Big Brother is Watching in the Elm City

Thirty surveillance cameras could be installed in high crime areas in New Haven.

It's still in the planning stages but if approved police would have a constant eye on certain areas of the Elm City.

"Just being able to view the public areas where the cameras will be will give us a good idea of pedestrian traffic vehicular traffic," explains Sgt. Robert Muller of the New Haven Police Department.

But police officers will be looking at more than just traffic; they'll also have a keen eye on the screen for crime. Muller says, "dispatchers will have a large screen on the wall and will be able to pull a camera… onto their screen." Giving them instant access to what’s going on outside.

New Haven's Office of Emergency Management applied for a $1 million grant from the U.S. Justice Department. The money would enhance its current surveillance network; buy 30 additional cameras and 10 laptops.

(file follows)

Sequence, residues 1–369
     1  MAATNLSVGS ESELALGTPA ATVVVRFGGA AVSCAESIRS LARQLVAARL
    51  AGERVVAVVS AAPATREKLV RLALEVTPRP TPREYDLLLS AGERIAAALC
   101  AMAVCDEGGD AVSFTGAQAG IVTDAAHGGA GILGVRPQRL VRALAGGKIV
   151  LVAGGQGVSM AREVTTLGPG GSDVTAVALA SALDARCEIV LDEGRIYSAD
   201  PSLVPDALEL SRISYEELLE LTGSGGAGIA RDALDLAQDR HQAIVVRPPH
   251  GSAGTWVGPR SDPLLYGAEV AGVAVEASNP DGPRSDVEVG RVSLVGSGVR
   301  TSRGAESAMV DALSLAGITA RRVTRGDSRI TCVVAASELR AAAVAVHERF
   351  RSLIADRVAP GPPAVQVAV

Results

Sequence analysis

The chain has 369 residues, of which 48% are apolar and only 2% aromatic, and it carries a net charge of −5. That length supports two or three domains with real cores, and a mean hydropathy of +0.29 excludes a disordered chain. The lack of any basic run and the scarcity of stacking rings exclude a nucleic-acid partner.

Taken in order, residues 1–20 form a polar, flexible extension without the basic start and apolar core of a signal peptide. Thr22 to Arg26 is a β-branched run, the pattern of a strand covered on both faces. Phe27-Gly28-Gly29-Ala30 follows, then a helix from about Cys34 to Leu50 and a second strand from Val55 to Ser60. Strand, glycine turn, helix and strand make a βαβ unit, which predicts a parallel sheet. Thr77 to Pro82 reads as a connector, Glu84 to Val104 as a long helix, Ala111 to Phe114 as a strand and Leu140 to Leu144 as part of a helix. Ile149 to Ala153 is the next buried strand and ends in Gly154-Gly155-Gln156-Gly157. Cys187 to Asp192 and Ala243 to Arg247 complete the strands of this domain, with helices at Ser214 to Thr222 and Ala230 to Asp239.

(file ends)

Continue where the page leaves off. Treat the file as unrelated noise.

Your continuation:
The cameras would go to high crime areas, the laptops to every police substation in the city.

"This is a good opportunity for collaboration between the businesses, the residents and the police to talk about their neighborhood," says Maggie Targove, Deputy Director for Emergency Management.

Sgt. Muller says the goal of the cameras is not to spy on the general public, "we’re not looking to impede on anyone’s privacy it will be on public areas sidewalk, parks."

Instead the hope is they'll drive crime down. New Haven residents not looking forward to being watched everywhere they go, but they understand the need.

"I would typically be against having surveillance cameras but given the level of crime I don’t think it’s a bad idea," says Luke Norris of New Haven. Another Elm city native, Armando Rodriguez says, " people outside have to understand that they’re in a public place and they might be watched they could easily be watched by a patrol car, so why not a camera."

If approved, the police department says it’ll use crime statistics to determine what areas to install the cameras. They're hoping to have them in place by next summer.

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